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Ballet Talk for Dancers

26 and living in a fantasy

Guest babygurlesq

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Guest laurent

Dear All,


thanks a lot for all your encouraging messages. Actuallly the original intent of my message was to encourage Tracy, not look myself for support!


Of course i won't mind sharing at all my experiences with you, and each class is pretty much a new adventure, and so far i have only experienced highs...


As far as my plans go, i only have right now the baseline in mind. i am moving this weekend to the suburbs into a cheap studio. It is a first floor, long and narrow studio, so that i can jump and hang some mirrors on the walls. i am also looking to buy a second-hand ballet barre. Once settled i will have to design my own training program. I am taking classes in different dance studios, i pick and choose the teachers i like best and stick with them. i bought quite a few books about dance, stretching and anatomy, but right now i will have to switch to artist mode, that is go to the library every day and learn anything i can about ballet technique. i want to understand the why and how of everything, not just soak up information. i also plan to study also music accompaniment. i will also practise swimming as often as possible (i used to be a swimmer) for i believe it is a good exercise to stretch and it improves your flexibility (especially of the ankle). the good thing about swimming too is that you can do endurance work in aerobic mode, and therefore burn fat. It also helps develop your upper body nicely, especially the shoulders, and strengthen your back. Then i also plan to study some type of martial art (i am looking into Tai Chi right now), because i believe we have a lot to learn from Eastern philosophy. What strikes me most in ballet is how each movement is broken up into so many smaller components. Eastern philosophy teaches us that the whole is greater than the sum of its parts, so maybe there is another "tao" (way). Then two months from now i will have to find a waiter's job or something in order to support myself.

Right now i am attending 1-2 classes per day, at basic-beginner level. I do not plan to increase the frequency in the future, because it gets pricey. I'd rather concentrate at home. Even though i started only 2 months ago, i have quite a few anecdotes that happened to me. Being an ambidextrous, i will not linger on all the pirouettes and jumps where i turned/jumped the wrong way (and still do), something quite conspicuous during an adagio... i remember also one day i went to this Beginner class with a new teacher, and you know how sometimes some Beginner class tend to look more like advanced class. There were only girls and another guy (habitue) and me. Then at the end we did the allegro, a pretty scary stuff for any beginner. Fortunately men always go last so i always have some time to try to download what the girls are doing. Not so this time. The teacher said "Men first", so i quickly stood behind the other guy who knew what he was doing. So here we go, i try to follow him, looking at him from behind and in the mirror, and it is not an easy task. At the end of the first round, the teacher says stop and comes to me. She says: "Mister, i know that you are an handsome man, but when you do allegro, you don't admire yourself in the mirror, you look in front of you!". Everybody started laughing and i started to blush... Life is tough for a ballet adult beginner!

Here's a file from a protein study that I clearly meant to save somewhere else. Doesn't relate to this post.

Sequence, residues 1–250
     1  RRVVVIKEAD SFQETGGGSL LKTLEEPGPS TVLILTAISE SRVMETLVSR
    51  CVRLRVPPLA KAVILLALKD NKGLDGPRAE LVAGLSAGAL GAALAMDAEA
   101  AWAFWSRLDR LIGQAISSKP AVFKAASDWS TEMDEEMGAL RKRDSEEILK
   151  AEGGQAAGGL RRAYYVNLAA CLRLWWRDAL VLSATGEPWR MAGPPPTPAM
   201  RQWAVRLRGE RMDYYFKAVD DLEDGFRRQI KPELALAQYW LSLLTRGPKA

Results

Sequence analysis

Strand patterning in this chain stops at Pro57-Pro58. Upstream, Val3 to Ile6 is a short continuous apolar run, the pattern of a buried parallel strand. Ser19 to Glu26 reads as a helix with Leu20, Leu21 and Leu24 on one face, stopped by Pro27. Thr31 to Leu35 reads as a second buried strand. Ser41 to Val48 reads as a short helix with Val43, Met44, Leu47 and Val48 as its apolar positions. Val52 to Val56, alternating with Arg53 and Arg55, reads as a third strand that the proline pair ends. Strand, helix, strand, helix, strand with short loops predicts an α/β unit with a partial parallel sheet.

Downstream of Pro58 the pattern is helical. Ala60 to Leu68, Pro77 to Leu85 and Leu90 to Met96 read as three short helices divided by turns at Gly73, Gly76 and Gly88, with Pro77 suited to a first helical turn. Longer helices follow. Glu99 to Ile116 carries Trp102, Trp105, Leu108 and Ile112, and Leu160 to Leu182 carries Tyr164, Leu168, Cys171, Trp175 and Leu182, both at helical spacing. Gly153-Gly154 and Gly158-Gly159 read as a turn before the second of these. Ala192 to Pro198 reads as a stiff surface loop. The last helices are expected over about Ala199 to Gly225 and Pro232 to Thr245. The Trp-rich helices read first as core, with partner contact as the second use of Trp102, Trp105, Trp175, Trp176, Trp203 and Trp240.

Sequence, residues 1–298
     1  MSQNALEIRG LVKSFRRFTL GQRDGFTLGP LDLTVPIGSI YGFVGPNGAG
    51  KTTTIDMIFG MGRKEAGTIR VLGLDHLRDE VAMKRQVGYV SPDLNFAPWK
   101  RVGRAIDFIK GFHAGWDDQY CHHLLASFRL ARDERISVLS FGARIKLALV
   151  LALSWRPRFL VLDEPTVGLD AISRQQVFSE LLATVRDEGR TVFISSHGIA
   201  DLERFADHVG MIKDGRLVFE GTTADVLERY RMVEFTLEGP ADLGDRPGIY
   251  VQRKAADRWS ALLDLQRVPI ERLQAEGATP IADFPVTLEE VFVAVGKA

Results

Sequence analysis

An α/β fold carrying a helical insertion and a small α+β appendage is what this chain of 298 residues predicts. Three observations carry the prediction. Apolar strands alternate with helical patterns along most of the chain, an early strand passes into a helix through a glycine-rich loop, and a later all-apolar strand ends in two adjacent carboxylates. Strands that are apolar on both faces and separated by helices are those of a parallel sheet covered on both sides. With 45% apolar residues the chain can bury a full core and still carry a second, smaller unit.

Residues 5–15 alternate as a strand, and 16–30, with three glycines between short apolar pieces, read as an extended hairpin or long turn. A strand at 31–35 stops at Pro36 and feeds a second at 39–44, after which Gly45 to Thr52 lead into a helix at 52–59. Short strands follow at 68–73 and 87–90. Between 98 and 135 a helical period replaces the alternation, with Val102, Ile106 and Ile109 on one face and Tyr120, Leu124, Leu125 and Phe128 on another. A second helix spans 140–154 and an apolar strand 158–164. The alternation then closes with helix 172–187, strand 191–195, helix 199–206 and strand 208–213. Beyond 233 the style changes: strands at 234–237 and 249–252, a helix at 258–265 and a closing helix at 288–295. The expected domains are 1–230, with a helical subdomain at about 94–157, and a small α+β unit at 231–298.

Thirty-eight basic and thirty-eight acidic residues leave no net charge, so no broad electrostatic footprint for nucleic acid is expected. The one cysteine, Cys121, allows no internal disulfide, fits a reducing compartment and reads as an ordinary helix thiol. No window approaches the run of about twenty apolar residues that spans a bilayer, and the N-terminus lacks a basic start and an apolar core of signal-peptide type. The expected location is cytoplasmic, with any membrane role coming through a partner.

All right, i guess i'd better go and get some sleep if i want to be in shape for tomorrow's class unlike last week... After a copious dinner washed down with wine, i don't think i was sobber enough in the morning and went to class too early, that is i showed up at the basic class, instead of the Beginner class which is just after. I should have felt something was wrong when i saw some many new faces, and when the teacher put me in the center at the end of the barre (she wants me to be challenged i thought). As we were going through the barre exercises, i really felt it was much easier than usual, and time seemed to fly so quickly that the class was over before i knew. I started to think that i had made some quantum progress and was now ready to go to the Advanced Beginner class: that was cool. It is only once in the men's room that i learnt that i had just attended a basic class, which lasts 1h (instead of 1h30 for the beginner class).

Oh well, i guess i'll have to learn to be patient


good night!


1-2,3 2-2,3 3-2,3 4-2,3 zzzzzzzzzzzzzzzzzzzzz

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Wow, you've really thought about this!


About the going to the wrong class... at least the teacher thinks you are good enough to go at the front of the basic class, after only two months! As I said before, small successes. I actually like being at the front because it makes me work harder, there is no one to copy and I have to use my own brain to remember, not the person in front. smile.gif


And about getting a barre- My dad made me one from a wooden curtain pole, they come with wooden brackets to screw on the wall. It looks exactly like a barre. You might have to screw the brackets to a support plaque that is bigger than the bracket if you want to stretch by putting your foot on the barre- voice of experience here made the whole thing come off the wall first time around! wink.gif It's very strong now though. The curtain pole cost £8 ($12?) so, much cheaper than a real barre. Have fun!